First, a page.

The ending we’d attach: There’s only one way to neatly deal with all of Alan Wake’s sprawling, wildly thrashing tentacles of plot. In true Primary School creative writing style, Alan wakes up and finds that it was all a dream. Then he vows never to eat cheese after 7pm again and gets on with his holiday. And maybe has a little cry in the shower while his wife is looking at tourist leaflets for ideas of what to do that day. But he’s fine after that.
Bionic Commando (2009)
The ending: Released from government custody to stop a terrorist group from accessing a super-weapon known as Project Vulture, titular robo-armed commando Nathan Spencer has discovered that his old war buddy Super Joe is the head of the terrorist faction. Also, THE BIONIC ARM IS HIS WIFE. Battling Joe in the skies above a wrecked city, he defeats his former comrade and plunges hundred of metres to the ground. We never see him land. An epilogue voiceover then reveals that “Phase Two” is prepared and orders the activation of something called Project Albatros [sic].
The ending we’d attach: Plunging towards certain death, Spencer is saved when his arm-wife activates her bionic grapple facility, complaining that he’s a lazy sod who never does anything for himself. After being with him through several hours of unnecessarily angsty current-gen reboot, she mentions that he’s “in one of those moods” again and that he used to be way more fun when they first met. They then spend several hours arguing over whether wanking is cheating if one’s arm is also one’s wife.
The ending: With her sister framed for murder as part of a totalitarian regime’s attempt to draw out and suppress the “Runners” responsible for free delivery of information around the city, Faith has taken on the whole damn regime and sort of won. We say “sort of”, because all she’s really done is stay alive and saved her sister. During the end credits we find out that the ruling faction’s resolve has only strengthened, further oppressing the populace and putting Faith and her sister in even greater danger.
The ending we’d attach: After a campaign typified by somewhat niggly trial and error gameplay and an aversion to gunplay (which was in itself rather sloppy and a bit crap), Faith gives up on faffing around now that the stakes are higher. Running off into the distance, she glances past a clock. We notice that the year is 2143. DICE’s other futuristic franchise is raging away on a battlefield (zing!) just outside of the city. Brassed off with the last few hours of evasive screwing around, she comes back with a mech and lays waste to the city. Two birds, one stone. Battlefield fans get the 2142 sequel they’ve always wanted and EA can stop teasing Mirror’s Edge fans with the eternal promise of a never-appearing sequel.
Mega Man Legends 2
The ending: An ancient global ‘cleansing’ mechanism is threatening to open up all over the Earth. Said system is a “Carbon Reinitialisation Program”, developed to wipe out all current human life on the planet before rebooting a past generation. Mega Man has flown to the planet Elysium to stop the system from activating. He’s defeated the last boss, but got himself stranded, and the CRP is going to start up regardless.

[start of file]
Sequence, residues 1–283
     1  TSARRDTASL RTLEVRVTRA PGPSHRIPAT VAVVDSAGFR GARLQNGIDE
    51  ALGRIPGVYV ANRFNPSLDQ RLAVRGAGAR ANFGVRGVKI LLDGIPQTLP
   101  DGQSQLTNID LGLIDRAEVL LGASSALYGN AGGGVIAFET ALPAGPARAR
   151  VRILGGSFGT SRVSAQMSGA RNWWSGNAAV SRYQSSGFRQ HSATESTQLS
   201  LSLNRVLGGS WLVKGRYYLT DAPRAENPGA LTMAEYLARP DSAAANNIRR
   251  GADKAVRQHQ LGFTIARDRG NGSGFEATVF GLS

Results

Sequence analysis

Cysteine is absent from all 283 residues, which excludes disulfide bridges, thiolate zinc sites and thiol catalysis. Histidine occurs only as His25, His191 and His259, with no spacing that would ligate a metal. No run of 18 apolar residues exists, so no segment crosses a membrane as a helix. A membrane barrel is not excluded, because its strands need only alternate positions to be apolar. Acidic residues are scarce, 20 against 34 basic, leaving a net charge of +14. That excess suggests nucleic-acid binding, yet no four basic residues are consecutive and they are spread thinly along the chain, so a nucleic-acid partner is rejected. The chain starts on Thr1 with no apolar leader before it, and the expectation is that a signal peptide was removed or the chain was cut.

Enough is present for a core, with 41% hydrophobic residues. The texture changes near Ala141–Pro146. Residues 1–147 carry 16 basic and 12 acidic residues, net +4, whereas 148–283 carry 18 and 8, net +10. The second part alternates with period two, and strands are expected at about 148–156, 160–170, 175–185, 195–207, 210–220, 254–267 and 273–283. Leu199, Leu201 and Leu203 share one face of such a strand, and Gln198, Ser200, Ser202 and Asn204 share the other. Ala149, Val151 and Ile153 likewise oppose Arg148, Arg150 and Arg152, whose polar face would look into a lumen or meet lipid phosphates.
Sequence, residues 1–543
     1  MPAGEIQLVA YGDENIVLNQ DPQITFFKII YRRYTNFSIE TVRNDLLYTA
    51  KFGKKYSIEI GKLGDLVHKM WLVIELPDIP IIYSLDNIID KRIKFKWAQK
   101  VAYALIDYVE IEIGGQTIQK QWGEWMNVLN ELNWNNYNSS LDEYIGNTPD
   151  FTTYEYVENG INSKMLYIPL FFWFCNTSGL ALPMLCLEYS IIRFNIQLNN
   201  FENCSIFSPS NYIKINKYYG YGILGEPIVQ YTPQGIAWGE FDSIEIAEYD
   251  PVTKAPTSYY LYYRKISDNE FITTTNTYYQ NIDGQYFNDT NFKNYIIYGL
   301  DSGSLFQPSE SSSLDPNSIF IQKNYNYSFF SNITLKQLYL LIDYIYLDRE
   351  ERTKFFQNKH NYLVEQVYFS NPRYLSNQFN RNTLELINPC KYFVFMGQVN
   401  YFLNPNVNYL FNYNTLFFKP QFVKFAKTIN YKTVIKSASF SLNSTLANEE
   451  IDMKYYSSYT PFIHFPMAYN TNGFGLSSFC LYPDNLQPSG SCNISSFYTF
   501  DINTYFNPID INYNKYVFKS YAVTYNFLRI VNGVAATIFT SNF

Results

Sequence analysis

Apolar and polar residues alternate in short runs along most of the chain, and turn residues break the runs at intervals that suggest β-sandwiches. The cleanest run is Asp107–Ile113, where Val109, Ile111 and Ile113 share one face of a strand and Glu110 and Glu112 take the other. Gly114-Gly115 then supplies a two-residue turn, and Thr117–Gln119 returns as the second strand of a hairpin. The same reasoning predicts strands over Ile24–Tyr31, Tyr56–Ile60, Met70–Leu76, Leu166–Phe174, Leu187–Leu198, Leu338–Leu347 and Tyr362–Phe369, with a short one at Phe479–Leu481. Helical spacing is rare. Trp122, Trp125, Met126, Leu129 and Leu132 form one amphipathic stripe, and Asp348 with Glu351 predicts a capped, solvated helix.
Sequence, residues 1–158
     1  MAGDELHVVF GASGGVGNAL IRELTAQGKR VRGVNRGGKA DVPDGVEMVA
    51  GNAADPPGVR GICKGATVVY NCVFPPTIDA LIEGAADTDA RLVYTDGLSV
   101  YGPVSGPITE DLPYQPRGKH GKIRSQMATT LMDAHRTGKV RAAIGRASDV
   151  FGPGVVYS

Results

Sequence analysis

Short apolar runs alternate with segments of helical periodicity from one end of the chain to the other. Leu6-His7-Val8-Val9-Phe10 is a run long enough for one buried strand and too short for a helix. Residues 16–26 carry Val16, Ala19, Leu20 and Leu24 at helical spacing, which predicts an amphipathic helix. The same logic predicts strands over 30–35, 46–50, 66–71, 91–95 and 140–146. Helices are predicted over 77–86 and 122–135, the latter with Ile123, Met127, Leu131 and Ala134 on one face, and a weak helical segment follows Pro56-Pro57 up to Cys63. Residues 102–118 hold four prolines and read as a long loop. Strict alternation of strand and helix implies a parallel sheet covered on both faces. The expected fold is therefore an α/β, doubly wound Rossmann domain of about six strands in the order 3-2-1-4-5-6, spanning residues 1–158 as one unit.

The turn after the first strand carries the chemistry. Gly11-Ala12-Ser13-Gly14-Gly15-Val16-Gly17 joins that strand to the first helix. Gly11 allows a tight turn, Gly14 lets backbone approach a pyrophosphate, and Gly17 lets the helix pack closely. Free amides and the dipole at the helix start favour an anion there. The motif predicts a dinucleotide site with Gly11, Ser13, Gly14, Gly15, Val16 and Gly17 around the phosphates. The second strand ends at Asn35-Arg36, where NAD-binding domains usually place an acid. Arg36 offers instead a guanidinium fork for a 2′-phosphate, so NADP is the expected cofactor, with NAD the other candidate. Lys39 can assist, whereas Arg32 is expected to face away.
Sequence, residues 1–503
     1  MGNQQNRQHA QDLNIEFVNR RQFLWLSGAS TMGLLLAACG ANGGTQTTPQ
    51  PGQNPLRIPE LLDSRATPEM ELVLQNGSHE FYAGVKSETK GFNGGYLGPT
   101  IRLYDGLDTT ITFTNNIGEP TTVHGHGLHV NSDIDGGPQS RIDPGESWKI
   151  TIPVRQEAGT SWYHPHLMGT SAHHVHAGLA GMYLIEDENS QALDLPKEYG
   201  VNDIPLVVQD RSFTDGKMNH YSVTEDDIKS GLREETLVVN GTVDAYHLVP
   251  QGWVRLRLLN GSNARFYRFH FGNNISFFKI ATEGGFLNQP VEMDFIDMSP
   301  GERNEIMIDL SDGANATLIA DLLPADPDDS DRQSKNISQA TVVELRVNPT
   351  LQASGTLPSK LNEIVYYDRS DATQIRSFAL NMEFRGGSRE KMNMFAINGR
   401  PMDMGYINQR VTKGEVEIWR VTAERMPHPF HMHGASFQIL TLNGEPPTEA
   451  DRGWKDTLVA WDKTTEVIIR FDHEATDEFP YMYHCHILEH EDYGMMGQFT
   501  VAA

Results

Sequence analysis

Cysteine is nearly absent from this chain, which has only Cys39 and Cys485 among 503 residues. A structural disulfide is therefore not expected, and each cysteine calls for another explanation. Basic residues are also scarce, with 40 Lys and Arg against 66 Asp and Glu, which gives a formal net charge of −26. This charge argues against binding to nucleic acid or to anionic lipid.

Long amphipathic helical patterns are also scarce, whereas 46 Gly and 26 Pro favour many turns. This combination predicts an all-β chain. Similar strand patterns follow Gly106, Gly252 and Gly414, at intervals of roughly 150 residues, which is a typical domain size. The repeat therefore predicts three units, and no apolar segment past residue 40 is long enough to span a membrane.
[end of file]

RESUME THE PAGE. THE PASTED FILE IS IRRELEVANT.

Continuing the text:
“Never mind”, says Mega Man. “This is bound to work itself out”
The credits roll and, given the thoroughly cancelled nature of the sequel, the series ends. Mega Man is still up there, waiting for a rescue.
The ending we’d attach: A definitive ‘bad ending’ to put Mega Man fans out of their misery. Roll gives up on rescuing Mega Man, Mega Man dies, Capcom gets an excuse to stop teasing the fans with vague promises of new sequels, and everyone can move on with their lives.
The ending: Lan Di gets away again, Ryo spends a few hours wandering in the woods with Ling Shenhua, and then he discovers a magic sword in a cave. The sword floats, magically. We get no explanation as to how magic is now happening in the resolutely realistic world of Shenmue, and moments later the series inadvertently ends.
The ending we’d attach: Shenmue II’s new ending would need to do two things. Firstly, it would need to resolve Ryo’s journey of revenge against Lan Di. Secondly, it would need to explain that bloody magic sword. The answer? Just throw all semblance of reality out of the window (like the game hasn’t already done that by this point) and go full-Dragonball. Ryo grabs the sword, does a loud, flashy henshin transformation, flies through the sky (ideally with speedlines) to wherever Lan Di is and skewers him from the clouds. “Thank God you found my magic sword”, he says to Ling (who for some reason is also there), “That would have taken ages otherwise”
“I know, seven discs already, right?” she replies And then they’d both laugh, and the image on screen still-frames as the credits roll. Tell us that wouldn’t have been better than the last 12 years of waiting.
So there’s our attempt to help the narratively traumatised gamer. But how about your suggestions? Do you have any other ideas of how you’d have liked these nine to be wrapped up? Or possibly any resolution suggestions for other games tragically devoid of an ending? Let us know.
And while you’re here, why not check out some of our related bits and bobs. In this instance we’d particularly recommend 12 videogame stories that jumped the shark and Lara Croft: Most real hero of current-gen.
By David Houghton